How do we keep the tension between faith and works, grace and deeds, our efforts and God’s sovereignty, without falling into a ditch? On the one hand, we need to say as Jesus taught us, “When you have done all those things which you are commanded, say, ‘We are unprofitable servants. We have done what was our duty to do’” (Luke 17:10, NKJV). There is always room “to grow in the grace and knowledge of our Lord” (2 Peter 3:18, NKJV), to be more sanctified, committed.
At the same time, the closer we come to God, the more sinful we see that we ourselves are; we can see how much more work the Holy Spirit still must perform in us.
There’s a real danger that pursuing sanctification itself as a goal may get off track and become individualistic, even narcissistic. The scribes and Pharisees in Jesus’ day thought of themselves as very holy, yet they could not love anybody different from them. They were too absorbed with themselves.
The New Testament never defines spirituality or sanctification in the individualistic terms that satisfied them. It is defined in terms of community. Even the well-known picture of Jesus knocking at the door is addressed to a local church, not an individual (Rev. 3:20). The message there is that we need the armor of God corporately, as a church community (Eph. 6:10-20).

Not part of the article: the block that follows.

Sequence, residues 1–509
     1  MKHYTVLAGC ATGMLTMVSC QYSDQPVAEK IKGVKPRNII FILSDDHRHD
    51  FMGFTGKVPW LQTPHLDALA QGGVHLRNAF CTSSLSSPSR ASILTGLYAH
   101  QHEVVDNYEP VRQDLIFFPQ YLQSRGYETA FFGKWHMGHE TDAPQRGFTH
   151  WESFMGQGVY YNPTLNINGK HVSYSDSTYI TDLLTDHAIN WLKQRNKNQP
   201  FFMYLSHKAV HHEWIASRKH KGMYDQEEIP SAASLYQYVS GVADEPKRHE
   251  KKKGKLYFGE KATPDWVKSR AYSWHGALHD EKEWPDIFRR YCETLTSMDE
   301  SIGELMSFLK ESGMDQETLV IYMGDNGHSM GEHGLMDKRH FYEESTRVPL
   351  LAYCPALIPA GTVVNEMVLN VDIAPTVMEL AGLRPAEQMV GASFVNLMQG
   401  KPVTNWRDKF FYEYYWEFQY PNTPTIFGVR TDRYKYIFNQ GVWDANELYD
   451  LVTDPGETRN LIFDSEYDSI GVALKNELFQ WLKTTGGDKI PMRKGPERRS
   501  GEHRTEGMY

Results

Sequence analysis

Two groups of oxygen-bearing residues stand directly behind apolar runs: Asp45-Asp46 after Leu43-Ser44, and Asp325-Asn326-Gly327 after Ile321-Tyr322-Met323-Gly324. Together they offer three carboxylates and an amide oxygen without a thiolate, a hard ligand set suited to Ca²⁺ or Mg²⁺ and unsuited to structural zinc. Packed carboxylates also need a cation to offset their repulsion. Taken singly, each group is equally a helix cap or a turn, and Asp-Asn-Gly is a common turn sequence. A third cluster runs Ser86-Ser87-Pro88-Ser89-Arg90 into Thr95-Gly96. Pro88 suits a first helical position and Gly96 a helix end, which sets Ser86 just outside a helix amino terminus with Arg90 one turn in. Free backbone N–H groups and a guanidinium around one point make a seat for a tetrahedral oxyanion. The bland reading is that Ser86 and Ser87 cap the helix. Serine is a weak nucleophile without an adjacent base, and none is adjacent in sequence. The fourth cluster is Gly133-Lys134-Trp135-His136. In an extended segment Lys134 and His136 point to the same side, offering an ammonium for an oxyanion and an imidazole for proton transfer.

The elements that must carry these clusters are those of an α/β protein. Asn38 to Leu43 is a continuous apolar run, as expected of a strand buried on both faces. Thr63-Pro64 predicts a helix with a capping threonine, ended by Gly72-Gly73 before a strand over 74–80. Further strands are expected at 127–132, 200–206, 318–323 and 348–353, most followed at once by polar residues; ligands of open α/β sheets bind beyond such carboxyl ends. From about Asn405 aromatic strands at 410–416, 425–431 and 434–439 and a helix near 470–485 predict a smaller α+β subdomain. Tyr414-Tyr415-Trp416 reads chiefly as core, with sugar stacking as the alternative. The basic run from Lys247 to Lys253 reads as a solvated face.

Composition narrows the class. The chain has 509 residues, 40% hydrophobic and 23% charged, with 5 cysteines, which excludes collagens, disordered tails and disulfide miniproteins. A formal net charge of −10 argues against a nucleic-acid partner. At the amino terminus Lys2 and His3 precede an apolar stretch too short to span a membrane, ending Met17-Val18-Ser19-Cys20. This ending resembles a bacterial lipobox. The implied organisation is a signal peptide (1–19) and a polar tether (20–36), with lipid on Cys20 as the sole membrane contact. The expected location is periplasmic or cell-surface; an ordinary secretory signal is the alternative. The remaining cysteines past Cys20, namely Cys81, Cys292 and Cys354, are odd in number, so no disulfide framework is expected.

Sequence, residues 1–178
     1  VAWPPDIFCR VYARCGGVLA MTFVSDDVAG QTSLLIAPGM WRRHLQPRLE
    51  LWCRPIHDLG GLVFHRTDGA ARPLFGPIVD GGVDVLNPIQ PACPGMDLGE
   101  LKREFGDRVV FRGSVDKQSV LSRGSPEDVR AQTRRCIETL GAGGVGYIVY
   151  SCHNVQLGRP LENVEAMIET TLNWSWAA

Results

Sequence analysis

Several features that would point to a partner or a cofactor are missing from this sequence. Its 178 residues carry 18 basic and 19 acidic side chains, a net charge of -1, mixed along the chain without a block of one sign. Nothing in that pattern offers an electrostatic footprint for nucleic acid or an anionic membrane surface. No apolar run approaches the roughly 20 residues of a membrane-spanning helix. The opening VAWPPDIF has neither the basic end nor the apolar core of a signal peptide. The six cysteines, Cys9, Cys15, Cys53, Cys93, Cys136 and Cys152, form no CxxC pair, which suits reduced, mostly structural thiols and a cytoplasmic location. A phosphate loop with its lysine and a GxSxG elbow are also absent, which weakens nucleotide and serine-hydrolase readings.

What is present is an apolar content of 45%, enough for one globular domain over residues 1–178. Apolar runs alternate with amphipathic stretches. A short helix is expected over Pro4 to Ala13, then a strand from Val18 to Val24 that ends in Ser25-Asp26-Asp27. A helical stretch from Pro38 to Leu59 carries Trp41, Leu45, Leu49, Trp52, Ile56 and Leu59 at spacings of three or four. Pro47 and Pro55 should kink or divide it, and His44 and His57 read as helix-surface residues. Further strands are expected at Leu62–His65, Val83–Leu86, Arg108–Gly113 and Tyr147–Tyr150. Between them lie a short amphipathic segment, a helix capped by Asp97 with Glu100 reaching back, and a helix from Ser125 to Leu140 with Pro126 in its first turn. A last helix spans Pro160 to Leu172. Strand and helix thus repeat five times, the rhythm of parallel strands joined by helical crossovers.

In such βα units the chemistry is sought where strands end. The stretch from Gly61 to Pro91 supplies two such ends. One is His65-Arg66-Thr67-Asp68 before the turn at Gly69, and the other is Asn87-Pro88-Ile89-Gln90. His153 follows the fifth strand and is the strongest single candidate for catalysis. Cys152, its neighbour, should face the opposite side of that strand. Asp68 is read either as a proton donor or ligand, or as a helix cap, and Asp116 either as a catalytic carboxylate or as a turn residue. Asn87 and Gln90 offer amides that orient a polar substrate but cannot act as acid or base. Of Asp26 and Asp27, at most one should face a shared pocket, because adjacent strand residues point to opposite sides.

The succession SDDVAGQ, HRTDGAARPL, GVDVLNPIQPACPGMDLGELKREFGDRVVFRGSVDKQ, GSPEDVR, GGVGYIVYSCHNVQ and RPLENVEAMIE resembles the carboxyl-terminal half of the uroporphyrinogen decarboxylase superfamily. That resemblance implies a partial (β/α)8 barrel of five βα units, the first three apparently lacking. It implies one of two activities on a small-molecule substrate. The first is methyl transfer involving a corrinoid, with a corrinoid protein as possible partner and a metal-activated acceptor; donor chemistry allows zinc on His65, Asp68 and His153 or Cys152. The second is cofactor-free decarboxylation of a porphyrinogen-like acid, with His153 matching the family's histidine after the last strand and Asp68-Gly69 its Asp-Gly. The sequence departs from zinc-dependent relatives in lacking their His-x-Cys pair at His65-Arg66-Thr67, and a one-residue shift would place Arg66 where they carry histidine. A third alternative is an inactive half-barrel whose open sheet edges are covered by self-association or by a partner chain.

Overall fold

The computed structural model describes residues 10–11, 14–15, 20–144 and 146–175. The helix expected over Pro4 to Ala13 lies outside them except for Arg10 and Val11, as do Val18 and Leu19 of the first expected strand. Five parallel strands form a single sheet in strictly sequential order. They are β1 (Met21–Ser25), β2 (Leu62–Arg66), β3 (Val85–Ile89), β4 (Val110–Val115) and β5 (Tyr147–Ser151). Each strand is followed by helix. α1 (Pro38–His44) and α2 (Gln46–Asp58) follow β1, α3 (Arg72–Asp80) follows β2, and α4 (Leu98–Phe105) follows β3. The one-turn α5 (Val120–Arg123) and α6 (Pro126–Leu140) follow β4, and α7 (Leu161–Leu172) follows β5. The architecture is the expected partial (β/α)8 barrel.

Paul writes, “Do all things without murmurings and disputings” (Phil. 2:14). As the community matures there is less grumbling and arguing, and more grateful hearts. Bitterness and resentment are replaced by collective servanthood in the spirit of love.
Unfortunately, all of us know people in the church, both local and on all levels of organization, who are growing more cantankerous and bitter, who champion a fighting spirit, and yet who are thought of as committed and sanctified people.
It is important to understand that the Bible defines sanctification within the context of community. If we do not see the role of community, the pursuit of spiritual growth becomes distorted in a way that makes it all about the individual.